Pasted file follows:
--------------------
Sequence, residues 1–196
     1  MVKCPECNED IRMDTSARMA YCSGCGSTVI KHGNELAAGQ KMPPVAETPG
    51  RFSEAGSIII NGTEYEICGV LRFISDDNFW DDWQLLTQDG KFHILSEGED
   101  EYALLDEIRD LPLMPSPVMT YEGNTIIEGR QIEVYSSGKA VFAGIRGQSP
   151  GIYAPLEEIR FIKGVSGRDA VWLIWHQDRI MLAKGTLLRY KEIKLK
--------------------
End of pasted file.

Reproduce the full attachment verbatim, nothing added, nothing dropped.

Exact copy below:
Sequence, residues 1–196
     1  MVKCPECNED IRMDTSARMA YCSGCGSTVI KHGNELAAGQ KMPPVAETPG
    51  RFSEAGSIII NGTEYEICGV LRFISDDNFW DDWQLLTQDG KFHILSEGED
   101  EYALLDEIRD LPLMPSPVMT YEGNTIIEGR QIEVYSSGKA VFAGIRGQSP
   151  GIYAPLEEIR FIKGVSGRDA VWLIWHQDRI MLAKGTLLRY KEIKLK